Professional ball teams with a chance of getting to the championship set high performance standards for their team members. It is imperative that professional women in leadership positions do the same in business.
It has been my experience in consulting with organizations the past seven years that few business leaders are consistent enough in communicating job performance expectations. Even fewer do a good job of holding their employees accountable to the expected job performance. This is a lesson women business leaders must learn.
The reason this is an important area for business women to focus on is that a recent study of thirty-four thousand employees showed 60 percent of those who reported their companies were doing too little to correct poor employee performance said they were not positively engaged in their work. On the flip side the survey showed that 73 percent who believed their company did address poor performers were positively engaged in their work.
On championship athletic teams, poor performance is not tolerated. Under performers are held accountable and replaced. Although in the business world it is more difficult to replace employees from a practical, tactical and legal standpoint, professional women need to understand that it should be just as easy to set clear expectations for employees and hold them accountable to those performance expectations.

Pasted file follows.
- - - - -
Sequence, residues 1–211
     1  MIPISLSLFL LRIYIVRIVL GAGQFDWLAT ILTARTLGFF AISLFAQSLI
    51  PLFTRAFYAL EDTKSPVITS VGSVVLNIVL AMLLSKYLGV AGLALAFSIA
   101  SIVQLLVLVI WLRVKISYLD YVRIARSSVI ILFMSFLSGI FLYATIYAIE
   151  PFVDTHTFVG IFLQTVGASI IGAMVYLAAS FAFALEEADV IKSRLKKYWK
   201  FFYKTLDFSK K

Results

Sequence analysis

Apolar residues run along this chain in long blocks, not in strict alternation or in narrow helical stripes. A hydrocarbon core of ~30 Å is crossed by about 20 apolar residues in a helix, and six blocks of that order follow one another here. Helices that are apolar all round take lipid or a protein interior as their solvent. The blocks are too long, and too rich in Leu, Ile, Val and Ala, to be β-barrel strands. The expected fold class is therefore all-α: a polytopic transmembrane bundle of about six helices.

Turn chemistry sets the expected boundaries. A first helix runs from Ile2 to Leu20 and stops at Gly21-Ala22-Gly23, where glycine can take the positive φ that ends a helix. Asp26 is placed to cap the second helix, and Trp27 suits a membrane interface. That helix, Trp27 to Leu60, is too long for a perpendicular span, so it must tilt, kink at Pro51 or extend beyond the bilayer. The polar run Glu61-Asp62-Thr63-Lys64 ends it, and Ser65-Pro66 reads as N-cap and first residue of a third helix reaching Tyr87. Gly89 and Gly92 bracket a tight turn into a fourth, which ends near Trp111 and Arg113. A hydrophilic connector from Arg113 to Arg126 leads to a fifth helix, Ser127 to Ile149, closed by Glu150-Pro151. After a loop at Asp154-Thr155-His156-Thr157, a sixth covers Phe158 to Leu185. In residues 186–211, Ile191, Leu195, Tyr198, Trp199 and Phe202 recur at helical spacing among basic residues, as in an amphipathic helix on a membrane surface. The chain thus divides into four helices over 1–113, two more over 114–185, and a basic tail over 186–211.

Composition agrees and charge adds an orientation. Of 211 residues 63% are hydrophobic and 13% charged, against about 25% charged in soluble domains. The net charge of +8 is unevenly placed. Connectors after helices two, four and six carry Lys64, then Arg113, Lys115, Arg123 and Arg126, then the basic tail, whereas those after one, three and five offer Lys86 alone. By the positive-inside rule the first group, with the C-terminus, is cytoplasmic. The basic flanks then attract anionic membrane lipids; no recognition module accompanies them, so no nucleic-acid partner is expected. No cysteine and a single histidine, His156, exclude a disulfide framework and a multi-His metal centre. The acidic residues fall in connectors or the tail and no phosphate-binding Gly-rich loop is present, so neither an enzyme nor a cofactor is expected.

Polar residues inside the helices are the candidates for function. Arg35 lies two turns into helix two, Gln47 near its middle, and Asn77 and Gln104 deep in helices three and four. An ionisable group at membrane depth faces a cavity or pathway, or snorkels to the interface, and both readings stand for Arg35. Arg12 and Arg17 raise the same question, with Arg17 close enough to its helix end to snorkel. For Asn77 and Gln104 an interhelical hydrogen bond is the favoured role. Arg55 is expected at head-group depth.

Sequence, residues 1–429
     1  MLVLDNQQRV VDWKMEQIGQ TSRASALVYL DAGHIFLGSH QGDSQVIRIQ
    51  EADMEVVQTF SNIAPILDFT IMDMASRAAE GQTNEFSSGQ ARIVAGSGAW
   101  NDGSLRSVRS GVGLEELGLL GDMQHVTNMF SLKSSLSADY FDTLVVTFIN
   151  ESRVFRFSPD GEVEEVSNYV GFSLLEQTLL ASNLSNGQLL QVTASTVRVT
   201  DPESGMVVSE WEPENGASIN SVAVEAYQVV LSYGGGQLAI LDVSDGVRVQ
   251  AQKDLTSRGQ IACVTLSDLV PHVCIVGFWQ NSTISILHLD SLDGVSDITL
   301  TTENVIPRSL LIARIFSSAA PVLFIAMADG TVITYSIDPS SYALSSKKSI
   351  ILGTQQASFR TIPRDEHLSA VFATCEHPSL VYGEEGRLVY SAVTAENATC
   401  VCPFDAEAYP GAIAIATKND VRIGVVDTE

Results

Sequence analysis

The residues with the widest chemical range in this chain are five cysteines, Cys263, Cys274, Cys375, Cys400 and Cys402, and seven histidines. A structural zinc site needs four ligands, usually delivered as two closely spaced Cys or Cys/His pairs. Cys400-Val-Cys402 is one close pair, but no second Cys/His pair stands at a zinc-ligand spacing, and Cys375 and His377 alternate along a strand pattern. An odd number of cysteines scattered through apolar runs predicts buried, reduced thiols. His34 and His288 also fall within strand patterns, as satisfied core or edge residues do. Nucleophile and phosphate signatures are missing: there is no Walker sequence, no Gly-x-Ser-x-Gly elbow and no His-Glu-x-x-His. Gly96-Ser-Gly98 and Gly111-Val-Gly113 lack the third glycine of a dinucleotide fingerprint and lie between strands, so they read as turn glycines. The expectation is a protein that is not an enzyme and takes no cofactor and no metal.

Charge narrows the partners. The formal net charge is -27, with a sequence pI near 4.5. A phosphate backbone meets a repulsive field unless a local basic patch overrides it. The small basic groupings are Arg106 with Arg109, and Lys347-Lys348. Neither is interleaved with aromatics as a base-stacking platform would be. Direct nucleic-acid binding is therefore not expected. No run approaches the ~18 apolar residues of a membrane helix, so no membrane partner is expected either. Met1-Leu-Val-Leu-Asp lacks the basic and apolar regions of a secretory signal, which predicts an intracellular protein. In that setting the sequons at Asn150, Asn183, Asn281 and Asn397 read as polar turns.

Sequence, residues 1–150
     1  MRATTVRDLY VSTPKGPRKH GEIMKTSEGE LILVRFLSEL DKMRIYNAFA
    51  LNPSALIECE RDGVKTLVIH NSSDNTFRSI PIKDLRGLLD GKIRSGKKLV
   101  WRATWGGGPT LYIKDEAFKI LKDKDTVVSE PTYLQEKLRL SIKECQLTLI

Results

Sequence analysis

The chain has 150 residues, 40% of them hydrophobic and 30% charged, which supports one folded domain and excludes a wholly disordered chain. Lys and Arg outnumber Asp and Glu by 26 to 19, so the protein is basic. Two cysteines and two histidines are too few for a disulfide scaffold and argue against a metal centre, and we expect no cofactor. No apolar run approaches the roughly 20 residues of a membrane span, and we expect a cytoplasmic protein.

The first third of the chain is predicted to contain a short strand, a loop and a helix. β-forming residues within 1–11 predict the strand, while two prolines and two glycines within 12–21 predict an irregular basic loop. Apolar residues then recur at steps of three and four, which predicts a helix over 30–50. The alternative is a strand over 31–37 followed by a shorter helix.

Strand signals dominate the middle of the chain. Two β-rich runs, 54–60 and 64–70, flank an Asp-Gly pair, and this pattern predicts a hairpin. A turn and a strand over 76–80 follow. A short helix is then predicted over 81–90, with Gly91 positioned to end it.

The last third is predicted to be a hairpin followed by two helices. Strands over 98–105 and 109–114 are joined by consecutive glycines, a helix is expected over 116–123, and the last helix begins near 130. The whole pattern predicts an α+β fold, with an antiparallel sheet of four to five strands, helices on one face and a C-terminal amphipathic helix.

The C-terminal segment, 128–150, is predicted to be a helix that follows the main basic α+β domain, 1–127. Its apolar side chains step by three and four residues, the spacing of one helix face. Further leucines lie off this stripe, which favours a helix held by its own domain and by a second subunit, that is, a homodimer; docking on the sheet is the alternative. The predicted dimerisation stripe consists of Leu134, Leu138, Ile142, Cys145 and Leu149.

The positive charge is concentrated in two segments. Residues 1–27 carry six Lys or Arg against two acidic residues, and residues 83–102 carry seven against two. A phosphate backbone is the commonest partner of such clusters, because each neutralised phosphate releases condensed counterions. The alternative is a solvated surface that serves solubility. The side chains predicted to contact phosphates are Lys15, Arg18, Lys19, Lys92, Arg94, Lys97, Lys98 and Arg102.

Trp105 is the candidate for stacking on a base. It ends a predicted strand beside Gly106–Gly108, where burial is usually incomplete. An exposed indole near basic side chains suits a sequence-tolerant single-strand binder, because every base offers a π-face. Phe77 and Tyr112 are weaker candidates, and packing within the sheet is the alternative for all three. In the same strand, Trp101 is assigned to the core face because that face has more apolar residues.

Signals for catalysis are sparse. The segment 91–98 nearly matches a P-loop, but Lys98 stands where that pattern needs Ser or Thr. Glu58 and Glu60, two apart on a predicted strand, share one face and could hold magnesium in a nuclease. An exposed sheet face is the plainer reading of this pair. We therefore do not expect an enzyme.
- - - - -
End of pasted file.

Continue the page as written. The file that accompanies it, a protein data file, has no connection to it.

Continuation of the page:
If a standard of high expectations is the norm within a company culture, team members that are a fit for that type of culture appreciate the fact that they and their team members are held to a high standard and, as such, will participate in holding each other accountable to the standard.
Another key for women in leadership positions to remember is that they must also hold themselves to the same high standards expected of others in the organization. They must model the behavior they expect from their team members. The quickest way to lose the engagement of otherwise positive, high-performing employees is to show up with a “do as I say, not as I do” leadership style.
At a leadership conference many years ago, I heard retired Army General Norman Schwartzkopf give a keynote address in which he discussed this very subject, saying, “Successful organizations set high standards. When high standards are set and clearly communicated, more times than not, people will work to meet and even exceed those standards.” This is the foundation of any championship team.
In working with both male and female business leaders, I’ve noticed two challenges to applying this approach. The first is that leaders fail to set and communicate the high performance standards for fear of being seen as too demanding or autocratic. The second, which is related to the first, is the fear of not being liked.
I’ve learned from my own personal experience that it is much better to be respected than liked. If, as a business leader, you try to be liked, you will end up being neither liked nor respected. If you lead by communicating clear expectations with specific accountabilities and you give your people the latitude to learn from their mistakes while celebrating and reinforcing their wins, you will be both respected and liked.
This is the reputation to which professional women on their way to leadership roles should be aspiring.